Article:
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Eastern European names are notoriously difficult to pronounce.
We can’t blame people for making fun of these funny sounding words and sentences that come with Eastern European names!
In this blog post, we have collected the 11 funniest tweets about Eastern European names in order to make your day a little bit better.
One of the funny tweets is: “I was just told I have a “strong Russian accent” and that my name is so hard to pronounce. It’s KAY-LEN.”
1. I like Eastern European names because they’re not just a number or letter that spells out something in English and it’s obnoxiously spelled differently than the original word so people pronounce it wrong all the time. “This is why my name isn’t pronounced right!” – Jameson Treadaway
2. My favorite thing about being Polish: when Americans can read our last name from seeing us on TV and start pronouncing it correctly for once instead of getting tongue twisted every other sentence with all their attempts to say it
3. I’m glad we have these weird, long words that sound German but aren’t” (source) “I’m glad we have these weird, long words that sound German but aren’t”
4. I’ll tell you what: there’s a lot about Eastern European names to like they’re so easy for everyone else on the planet besides us to pronounce! (source) “There’s a lot about Eastern European names to like they’re so easy for everyone else on the planet besides us!”
5. My favorite thing is how they don’t always use our name when telling someone our last name because something with a vowel in it would be easier
6. My daughter’s classmates chant her first and middle names at the top of their lungs, like she has some sort of superpower: “I love that my daughter’s classmates chant her first and middle names at the top of their lungs, like she has some sort of superpower
Sophie S.: My pronunciation of my name has always been questioned by the people that see it written, for years I thought it was pronounced “shay-sha” until one day someone said “sahk-sa” and then I knew their version sounded better than mine.
“My parents wanted me to grow up strong so they named me Johanna.”
“I don’t care how you pronounce it, but my first name is pronounced ‘yuh-nuh?'”
Kate Willett: My last name isn’t difficult to spell or say. It just has four letters and starts with an “L.’ “It’s the pronunciation that confuses people! I wish they would stop asking me if I’m from Europe!”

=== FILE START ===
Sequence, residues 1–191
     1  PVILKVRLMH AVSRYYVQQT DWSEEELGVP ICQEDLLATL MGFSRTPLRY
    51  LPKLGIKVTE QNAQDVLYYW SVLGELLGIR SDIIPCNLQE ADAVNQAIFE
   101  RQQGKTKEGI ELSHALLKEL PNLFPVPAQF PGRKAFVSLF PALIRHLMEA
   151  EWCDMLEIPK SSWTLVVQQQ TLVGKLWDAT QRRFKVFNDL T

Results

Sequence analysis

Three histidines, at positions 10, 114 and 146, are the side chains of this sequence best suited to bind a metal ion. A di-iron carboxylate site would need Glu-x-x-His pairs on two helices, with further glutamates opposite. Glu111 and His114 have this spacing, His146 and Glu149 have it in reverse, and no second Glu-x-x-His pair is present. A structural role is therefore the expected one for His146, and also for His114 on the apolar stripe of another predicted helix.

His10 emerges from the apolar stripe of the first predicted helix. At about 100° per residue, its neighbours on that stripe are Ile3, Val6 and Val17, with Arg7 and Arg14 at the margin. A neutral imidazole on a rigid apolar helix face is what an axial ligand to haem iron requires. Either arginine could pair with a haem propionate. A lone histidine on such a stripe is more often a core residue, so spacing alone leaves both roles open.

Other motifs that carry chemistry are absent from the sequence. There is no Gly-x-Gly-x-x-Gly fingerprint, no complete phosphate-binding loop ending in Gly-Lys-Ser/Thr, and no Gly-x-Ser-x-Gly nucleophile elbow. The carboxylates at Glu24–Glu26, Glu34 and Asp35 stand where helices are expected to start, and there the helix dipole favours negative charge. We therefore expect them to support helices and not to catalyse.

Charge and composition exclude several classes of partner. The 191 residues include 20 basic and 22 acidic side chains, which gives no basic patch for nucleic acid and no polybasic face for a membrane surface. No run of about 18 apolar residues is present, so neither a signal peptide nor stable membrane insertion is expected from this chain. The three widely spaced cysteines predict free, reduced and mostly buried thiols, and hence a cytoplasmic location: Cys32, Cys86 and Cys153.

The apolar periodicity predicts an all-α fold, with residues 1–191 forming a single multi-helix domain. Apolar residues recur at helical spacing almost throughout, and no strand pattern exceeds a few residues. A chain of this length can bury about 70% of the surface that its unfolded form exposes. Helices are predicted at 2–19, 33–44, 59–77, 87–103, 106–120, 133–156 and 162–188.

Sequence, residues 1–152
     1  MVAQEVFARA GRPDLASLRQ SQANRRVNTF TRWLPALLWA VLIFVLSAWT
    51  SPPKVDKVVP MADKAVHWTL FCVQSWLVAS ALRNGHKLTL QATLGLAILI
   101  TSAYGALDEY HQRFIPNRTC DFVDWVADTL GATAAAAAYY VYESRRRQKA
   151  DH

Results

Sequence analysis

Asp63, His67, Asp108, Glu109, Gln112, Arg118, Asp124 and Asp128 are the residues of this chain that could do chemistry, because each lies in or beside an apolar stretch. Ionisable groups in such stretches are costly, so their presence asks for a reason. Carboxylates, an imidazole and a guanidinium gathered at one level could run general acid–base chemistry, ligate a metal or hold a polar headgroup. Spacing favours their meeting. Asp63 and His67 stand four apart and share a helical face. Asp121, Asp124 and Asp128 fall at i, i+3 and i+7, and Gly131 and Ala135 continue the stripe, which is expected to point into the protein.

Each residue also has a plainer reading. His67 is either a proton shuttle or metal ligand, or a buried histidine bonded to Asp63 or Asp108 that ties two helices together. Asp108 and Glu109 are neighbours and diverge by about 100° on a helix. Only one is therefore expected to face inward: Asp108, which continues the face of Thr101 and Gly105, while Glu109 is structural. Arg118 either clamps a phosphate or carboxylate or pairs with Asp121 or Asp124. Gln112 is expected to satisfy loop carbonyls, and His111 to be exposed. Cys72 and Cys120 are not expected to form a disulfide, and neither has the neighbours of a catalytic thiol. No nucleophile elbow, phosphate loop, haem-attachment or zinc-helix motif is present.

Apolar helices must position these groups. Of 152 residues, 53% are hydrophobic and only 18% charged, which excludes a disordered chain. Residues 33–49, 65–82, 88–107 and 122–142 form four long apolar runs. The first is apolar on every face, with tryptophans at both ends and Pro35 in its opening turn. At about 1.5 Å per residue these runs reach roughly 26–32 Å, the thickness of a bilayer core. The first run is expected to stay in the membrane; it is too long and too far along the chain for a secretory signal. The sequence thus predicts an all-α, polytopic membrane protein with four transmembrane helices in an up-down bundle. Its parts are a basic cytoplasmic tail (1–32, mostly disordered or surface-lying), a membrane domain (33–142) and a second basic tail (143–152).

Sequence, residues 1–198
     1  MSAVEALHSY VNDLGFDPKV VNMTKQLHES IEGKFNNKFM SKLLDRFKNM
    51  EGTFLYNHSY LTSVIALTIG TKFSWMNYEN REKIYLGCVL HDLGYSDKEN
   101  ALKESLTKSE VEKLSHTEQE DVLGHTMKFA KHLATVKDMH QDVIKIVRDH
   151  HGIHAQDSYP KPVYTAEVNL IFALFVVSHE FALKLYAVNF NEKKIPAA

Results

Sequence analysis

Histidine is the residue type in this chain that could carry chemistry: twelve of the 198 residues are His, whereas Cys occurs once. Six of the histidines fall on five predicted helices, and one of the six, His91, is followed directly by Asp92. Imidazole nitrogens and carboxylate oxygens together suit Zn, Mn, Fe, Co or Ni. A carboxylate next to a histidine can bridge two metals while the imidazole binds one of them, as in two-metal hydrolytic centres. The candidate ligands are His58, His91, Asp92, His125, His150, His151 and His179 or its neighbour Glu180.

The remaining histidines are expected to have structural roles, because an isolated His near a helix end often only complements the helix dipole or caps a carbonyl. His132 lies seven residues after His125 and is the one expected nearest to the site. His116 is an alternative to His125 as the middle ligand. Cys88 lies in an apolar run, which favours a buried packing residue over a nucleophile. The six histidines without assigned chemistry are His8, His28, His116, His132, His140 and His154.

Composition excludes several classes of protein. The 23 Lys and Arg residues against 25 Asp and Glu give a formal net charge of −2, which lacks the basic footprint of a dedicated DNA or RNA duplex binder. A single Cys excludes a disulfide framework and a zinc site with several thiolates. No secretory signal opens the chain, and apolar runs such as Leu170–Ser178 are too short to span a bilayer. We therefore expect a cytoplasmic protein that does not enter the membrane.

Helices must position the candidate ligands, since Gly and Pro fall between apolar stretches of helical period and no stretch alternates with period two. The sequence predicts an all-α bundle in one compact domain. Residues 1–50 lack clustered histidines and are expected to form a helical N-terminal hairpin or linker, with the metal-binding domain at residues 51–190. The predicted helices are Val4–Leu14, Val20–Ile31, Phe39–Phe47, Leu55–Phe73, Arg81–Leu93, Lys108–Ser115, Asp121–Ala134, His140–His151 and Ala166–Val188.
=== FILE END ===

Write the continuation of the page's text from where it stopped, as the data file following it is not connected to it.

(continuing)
Gina H.: When my parents visited New York for the very first time, a waitress asked them where they were from because of their Eastern European accents. They proudly told her that they live in Alabama and she said (with a laugh), “Well then your accent is pretty good!”.
The Polish are so confused about the whole thing. “I thought my name was Natalie, but then I found out it’s actually Natalia? Is this some kind of conspiracy?? Why would they do that to me?!”
Eastern European names sound absolutely ridiculous in English: Milosh is just Mike and Ana is Anna – but if you pronounce them like their spelled, people will look at you with a blank stare.
Tweets are often used as a form of social commentary. It’s not unusual to find people tweeting about current events, celebrities, or just their day-to-day life. One Twitter user who goes by the name @bensavage found himself embroiled in an online discussion with another user over Eastern European names and how they might sound when recited aloud for comedic effect. The tweets that ensued were both funny and insightful on multiple levels: some addressed cultural issues like language barriers while others simply made fun of certain aspects of naming conventions across different cultures.”
Ivan is a great name. I don’t understand what the problem is with ivan’s names! So many people dislike them and they’re not even sure why !!
Vladimir Putin was born on October 16, 1952 in Leningrad, USSR as Vladimir Vladimirovich Putin. He died on March 13, 2013 in Moscow Kremlin.
“I’m not sure how to say this, but I think my last name is misspelled. It’s Nygma.”
“My parents should have called me Lester just so it would be easier on everyone”
“When the doctor asks you your middle name what do they mean?”
“A Russian friend explained that her grandmother named her after a famous Soviet gymnast because she wanted her daughter to grow up strong and beautiful like a ballerina.”